Grammatical Category

The term "grammatical category" refers to specific properties of a word that can cause that word and/or a related word to change in form for grammatical reasons (ensuring agreement between words).

For example, the word "boy" is a noun. Nouns have a grammatical category called "number". The values of number are singular (one) and plural (two or more).

  1. The boy is playing.
  2. The boys are playing.

In sentence 1, "boy" is in its basic form, giving its "number" the value of singular. There is one boy and the related auxiliary verb "to be" is in the singular form (is).

In sentence 2, the form of "boy" has changed to "boys", giving its "number" the value of plural. There is more than one boy and the related "to be" is in the plural form (are).

In the above example, the "number" of "boy" influences the form of boy, and also influences the form of a related word (be). "Number" is a "grammatical category".

English has over twenty grammatical categories. Below we list the most common ones for English learners and summarise their main features.


Number is a property of nouns and pronouns, and indicates quantity. Number has two values:

word type number
singular plural
noun boy boys
pronoun I we


Case is a property of pronouns and nouns, and expresses their relationship to the rest of the sentence. Case has three values (two of which do not apply to nouns):

word type case
subjective objective possessive
pronoun I me mine
noun     boy's


Natural gender is a property of pronouns, and differentiates the sexes. Natural gender has three values:

word type gender
masculine feminine neuter
pronoun he/him/his she/her/hers it/its

Note that Old English had "grammatical gender" where words themselves had gender. Remnants of this are found in "natural gender", which is based on the sex of people rather than the gender of words.


Person is a property of pronouns, and differentiates participants in a conversation. Person has three values:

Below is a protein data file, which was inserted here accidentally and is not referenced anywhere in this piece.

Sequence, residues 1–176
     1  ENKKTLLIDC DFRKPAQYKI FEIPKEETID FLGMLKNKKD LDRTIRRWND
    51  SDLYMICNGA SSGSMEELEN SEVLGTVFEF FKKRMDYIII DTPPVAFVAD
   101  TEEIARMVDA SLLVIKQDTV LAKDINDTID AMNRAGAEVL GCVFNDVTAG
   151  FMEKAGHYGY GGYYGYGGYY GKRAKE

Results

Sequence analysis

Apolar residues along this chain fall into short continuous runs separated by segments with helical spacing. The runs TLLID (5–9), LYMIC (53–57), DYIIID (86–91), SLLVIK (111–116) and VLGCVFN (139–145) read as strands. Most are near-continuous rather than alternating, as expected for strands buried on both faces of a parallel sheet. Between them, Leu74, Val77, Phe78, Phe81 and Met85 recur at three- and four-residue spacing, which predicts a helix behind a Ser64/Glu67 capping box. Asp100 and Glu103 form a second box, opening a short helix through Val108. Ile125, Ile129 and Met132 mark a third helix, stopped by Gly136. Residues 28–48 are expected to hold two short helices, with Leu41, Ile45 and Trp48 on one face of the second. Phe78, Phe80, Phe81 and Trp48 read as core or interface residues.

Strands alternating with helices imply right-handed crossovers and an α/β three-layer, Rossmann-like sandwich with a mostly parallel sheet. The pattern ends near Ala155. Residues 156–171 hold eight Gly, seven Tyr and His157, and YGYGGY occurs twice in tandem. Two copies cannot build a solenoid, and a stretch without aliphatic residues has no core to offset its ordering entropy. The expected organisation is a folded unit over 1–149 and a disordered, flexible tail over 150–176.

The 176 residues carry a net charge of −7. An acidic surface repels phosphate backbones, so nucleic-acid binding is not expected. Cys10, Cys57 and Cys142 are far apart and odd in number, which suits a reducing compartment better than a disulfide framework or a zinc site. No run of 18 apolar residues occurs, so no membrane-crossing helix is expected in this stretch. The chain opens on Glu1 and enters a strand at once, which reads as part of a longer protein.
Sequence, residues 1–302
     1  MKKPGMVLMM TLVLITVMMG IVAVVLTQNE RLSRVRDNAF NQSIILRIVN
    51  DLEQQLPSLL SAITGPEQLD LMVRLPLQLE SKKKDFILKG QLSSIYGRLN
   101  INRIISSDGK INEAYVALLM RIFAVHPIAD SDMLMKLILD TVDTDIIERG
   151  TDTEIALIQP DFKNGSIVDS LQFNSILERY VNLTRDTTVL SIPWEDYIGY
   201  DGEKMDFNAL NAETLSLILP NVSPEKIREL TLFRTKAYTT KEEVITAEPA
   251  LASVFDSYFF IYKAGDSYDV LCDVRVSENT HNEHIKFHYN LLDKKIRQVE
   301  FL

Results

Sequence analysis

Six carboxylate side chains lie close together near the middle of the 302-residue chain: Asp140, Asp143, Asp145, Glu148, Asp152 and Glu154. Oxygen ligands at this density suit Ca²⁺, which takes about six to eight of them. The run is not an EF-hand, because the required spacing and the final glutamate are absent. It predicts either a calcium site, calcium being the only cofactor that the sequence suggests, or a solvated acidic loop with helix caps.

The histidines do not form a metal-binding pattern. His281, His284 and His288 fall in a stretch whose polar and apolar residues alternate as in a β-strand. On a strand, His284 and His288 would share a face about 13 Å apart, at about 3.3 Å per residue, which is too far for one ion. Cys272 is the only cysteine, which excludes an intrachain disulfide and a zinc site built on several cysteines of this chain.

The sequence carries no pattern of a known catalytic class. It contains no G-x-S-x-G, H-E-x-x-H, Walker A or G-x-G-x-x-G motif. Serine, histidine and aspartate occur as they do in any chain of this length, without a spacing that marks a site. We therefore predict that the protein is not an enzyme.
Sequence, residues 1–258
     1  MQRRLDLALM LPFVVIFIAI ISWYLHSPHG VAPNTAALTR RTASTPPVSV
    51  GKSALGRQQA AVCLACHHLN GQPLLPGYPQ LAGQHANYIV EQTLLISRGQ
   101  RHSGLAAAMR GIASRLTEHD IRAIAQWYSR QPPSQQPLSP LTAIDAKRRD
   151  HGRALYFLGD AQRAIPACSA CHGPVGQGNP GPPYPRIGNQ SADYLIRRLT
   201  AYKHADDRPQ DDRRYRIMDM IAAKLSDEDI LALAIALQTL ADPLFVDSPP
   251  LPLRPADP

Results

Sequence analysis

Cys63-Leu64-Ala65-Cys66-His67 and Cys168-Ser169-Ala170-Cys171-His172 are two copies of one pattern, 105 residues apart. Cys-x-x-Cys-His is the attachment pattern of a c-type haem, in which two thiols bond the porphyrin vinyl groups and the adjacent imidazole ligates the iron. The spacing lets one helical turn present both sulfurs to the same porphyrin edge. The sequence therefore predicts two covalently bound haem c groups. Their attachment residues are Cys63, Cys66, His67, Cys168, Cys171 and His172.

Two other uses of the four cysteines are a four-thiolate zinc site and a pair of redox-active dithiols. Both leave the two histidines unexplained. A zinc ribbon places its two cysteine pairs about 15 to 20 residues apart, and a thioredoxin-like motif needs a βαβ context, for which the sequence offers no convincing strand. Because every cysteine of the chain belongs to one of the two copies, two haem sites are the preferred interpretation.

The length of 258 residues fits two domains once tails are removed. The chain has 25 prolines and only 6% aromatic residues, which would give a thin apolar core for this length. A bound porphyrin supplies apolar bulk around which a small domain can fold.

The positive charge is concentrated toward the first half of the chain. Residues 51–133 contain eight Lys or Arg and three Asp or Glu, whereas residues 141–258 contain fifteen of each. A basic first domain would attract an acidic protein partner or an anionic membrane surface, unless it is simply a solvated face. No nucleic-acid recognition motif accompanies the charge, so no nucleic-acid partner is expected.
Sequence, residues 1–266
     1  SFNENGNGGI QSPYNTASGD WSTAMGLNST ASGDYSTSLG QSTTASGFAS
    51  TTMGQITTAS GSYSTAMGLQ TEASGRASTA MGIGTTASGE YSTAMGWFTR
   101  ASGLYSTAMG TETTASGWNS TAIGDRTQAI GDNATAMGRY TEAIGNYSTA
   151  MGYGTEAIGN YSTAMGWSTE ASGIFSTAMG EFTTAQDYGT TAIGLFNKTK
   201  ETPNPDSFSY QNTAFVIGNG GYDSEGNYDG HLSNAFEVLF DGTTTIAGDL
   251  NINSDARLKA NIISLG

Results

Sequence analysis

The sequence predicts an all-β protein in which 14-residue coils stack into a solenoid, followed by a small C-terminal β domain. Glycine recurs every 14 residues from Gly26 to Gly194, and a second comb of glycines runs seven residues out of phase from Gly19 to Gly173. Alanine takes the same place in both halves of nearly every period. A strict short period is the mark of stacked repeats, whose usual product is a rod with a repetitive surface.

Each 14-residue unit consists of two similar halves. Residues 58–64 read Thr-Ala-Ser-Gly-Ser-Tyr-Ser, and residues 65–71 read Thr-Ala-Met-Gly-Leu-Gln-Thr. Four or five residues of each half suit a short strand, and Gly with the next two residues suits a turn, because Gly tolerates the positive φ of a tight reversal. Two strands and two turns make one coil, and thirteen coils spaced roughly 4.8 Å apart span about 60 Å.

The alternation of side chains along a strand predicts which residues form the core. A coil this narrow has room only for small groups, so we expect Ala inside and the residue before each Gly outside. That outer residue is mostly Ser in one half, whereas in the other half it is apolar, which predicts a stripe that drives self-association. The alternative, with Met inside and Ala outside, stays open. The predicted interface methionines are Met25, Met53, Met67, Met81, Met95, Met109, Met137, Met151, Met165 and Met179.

word type person
1st 2nd 3rd
pronoun I/me
you he/him, she/her, it


Tense is a property of verbs, and most closely corresponds with location in time. Tense has two values:

word type tense
past present
verb was

Note that "future tense" is not shown here because strictly-speaking it is not a tense but a structure to talk about the future (after now).


Aspect is a property of verbs, and expresses our view of the time structure of an activity or state. Aspect has three values:

word type aspect
simple continuous perfect
verb they work they are working they have worked


Mood is a property of verbs, and relates to the speaker's feelings about the reality of what he is saying. Mood has three values:

word type mood
indicative imperative subjunctive
verb James stood up. Stand up! We insist that he stand.
Is it quiet enough? Be quiet! It is essential that you be quiet.


Voice is a property of transitive verbs*, and expresses the relationship of the subject to the action. Voice has two values:

word type voice
active passive
transitive verb The cat ate the mouse. The mouse was eaten by the cat.

*A transitive verb can take a direct object. (An intransitive verb does not take a direct object.)


Degree is a property of gradable adjectives and adverbs, and indicates amount. Degree has three values:

word type degree
positive comparative superlative
gradable adjective happy happier the happiest
gradable adverb carefully more carefully the most carefully

Contributor: Josef Essberger